Here’s the thing. In the digital and social era, where everybody gets their news online from sources ranging from credible to dubious, multiple times a day, sports news isn’t what it once was. Real, hard-hitting news items have gone the way of the dodo bird, while garbage like fabricated narratives and Twitter feuds have taken over.
It is what it is, so we’re stuck with it. But on that note, nowhere does the absurdity go into overdrive quite like it does when it comes to LeBron James. Without a doubt, LeBron IS the greatest player of this generation so he’s going to get more than his share of media coverage. And he hasn’t always done himself favors with his behavior; we’ve turned the “taking my talents to South Beach” dead horse into glue many times on this site, and then of course there’s the condescending and pedantic attitude toward Kyrie Irving (give him the keys, etc).
What am I getting at? I guess my point is, if you can’t beat ‘em, join ‘em.
So let’s start our own fabricated narrative, that if you think about it, isn’t too much of a stretch. Why wouldn’t LeBron sign with Golden State in the off-season, and all but guarantee himself another four or five titles?
Think about it. What is the magic number all NBA players who have, do, and will consider themselves among the greatest of all time? Michael’s six NBA titles, right? LeBron currently has three. Can you think of any player with a bigger ego than LeBron, and to whom it would mean more to be able to say, “I’m better than MJ?” Exactly.
The big factor obviously is money. I abhor research on stuff like this so I’m not gonna find and list all of the Warrior’s contract figures here. But with Steph Curry, Kevin Durant, Draymond Green, and Klay Thompson, there are four guys who are technically “worth” max contracts.
However, if adding four more titles to his tally is more important to LeBron than adding a couple hundred million dollars to the couple billion or so he already has in the bank, couldn’t you see him taking a veteran’s exception? Couldn’t you also see the other guys on the team shaving a couple million off of their own salaries to make a little extra room for LeBron?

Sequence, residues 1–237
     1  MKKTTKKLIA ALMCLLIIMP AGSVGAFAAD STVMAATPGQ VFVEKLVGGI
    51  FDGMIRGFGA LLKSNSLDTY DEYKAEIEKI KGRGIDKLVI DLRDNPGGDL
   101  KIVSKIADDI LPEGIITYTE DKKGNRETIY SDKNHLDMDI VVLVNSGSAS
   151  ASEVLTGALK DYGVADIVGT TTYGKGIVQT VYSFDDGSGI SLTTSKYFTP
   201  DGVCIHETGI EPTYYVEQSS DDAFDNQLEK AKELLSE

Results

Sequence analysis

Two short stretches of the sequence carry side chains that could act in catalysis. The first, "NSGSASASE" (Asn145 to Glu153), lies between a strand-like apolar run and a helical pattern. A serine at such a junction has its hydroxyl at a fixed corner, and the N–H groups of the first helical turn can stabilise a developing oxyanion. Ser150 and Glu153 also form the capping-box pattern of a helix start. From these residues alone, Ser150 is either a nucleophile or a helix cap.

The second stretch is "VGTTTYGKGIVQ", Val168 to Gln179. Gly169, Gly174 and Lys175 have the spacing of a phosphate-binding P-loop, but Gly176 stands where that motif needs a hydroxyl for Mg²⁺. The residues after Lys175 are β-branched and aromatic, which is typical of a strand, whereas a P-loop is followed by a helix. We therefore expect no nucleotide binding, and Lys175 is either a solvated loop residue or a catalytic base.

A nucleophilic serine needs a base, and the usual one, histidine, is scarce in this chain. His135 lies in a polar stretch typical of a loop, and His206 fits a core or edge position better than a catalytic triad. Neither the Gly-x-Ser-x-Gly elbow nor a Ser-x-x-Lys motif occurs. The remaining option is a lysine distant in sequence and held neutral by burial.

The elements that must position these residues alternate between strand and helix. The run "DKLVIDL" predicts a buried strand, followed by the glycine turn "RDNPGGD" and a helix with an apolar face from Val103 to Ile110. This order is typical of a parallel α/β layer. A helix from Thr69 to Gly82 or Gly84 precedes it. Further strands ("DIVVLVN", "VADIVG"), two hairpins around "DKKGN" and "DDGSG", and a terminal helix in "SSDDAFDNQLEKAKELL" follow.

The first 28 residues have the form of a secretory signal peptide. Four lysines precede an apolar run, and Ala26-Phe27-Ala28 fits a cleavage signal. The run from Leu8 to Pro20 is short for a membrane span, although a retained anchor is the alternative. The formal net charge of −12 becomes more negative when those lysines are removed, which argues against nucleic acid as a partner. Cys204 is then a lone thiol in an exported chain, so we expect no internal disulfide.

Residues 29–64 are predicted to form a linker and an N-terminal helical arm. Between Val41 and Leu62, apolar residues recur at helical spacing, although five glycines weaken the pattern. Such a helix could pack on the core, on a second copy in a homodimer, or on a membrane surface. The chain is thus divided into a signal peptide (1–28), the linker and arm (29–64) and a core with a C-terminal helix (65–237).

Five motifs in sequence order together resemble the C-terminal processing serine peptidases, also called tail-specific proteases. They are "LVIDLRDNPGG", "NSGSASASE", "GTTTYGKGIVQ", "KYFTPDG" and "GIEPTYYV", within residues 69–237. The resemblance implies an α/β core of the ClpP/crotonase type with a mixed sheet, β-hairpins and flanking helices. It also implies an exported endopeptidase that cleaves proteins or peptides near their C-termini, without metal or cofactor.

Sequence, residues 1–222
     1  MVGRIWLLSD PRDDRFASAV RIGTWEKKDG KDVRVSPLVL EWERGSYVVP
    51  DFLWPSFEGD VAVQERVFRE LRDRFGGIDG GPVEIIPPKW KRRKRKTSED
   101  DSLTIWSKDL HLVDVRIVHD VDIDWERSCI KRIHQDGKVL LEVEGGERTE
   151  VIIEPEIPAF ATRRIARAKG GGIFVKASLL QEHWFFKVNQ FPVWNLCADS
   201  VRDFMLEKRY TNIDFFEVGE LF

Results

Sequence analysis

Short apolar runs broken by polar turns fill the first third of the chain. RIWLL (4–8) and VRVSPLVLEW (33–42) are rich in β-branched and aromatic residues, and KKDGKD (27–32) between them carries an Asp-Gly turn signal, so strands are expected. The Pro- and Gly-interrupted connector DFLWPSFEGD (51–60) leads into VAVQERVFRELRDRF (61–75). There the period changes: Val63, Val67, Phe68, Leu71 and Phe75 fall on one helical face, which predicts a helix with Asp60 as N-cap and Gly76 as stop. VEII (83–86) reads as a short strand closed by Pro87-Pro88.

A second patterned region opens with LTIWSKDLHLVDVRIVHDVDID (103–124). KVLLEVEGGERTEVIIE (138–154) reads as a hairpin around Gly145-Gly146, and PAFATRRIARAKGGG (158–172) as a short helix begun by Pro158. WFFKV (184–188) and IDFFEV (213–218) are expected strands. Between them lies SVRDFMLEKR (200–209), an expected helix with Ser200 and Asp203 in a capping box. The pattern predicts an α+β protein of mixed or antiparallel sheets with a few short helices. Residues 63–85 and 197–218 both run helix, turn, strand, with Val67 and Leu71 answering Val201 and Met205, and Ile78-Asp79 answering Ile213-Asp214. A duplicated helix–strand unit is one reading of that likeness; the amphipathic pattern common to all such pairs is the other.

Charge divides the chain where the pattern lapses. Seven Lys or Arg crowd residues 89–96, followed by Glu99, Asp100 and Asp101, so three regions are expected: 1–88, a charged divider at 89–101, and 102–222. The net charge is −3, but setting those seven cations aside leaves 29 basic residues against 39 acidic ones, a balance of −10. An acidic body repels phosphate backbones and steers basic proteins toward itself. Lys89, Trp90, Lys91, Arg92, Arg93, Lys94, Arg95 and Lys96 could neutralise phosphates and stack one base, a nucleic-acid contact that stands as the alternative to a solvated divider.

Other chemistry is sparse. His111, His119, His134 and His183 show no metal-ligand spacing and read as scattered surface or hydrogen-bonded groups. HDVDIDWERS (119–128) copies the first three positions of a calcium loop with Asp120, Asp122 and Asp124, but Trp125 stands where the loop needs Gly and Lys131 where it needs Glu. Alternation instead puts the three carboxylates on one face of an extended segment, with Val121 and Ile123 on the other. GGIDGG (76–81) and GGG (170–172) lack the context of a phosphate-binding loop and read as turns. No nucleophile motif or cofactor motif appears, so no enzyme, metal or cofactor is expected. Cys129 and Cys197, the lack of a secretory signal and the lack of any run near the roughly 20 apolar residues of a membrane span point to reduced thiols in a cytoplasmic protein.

Here’s why else it makes sense. LeBron, currently at age 33, is playing as well as he ever has. However, he’s also playing as many minutes as he ever has, and Father Time is undefeated. How long could he be expected to keep up his current level or close to it at his age, playing 38 minutes a game? Goodness only knows, but if that were pared back to, say, 28 minutes a game, a luxury most certainly within reason on a team like the Warriors, he could conceivably play well for another six or seven years.
How many titles would that be? Without making the ludicrous assumption that all would remain status quo and the Warriors automatically win every year, you could still comfortably predict at least four if the core pieces stay in Golden State. That would make a total of seven.
The only other argument I can see people making is that a game day roster consists of 12 guys, not just five. What about the rest of the roster? Easy peasy. Sign three guys with limited or no offensive ability but that can protect the rim. Use your draft picks on guys that are good athletes and good defenders with negligible offense. Pick up a couple of veteran free agents for the minimum salary that are known for their D. The Lakers’ Corey Brewer comes to mind, and voila. Roster.
Will this happen? Eh. Doubtful. The ego, especially that of a superstar basketball player, is monstrous and not conditioned to a “sacrifice a little now for immortality later” mindset. But it could. And if it does, you read it hear first. Unless of course, you read it somewhere else first. In which case, darn.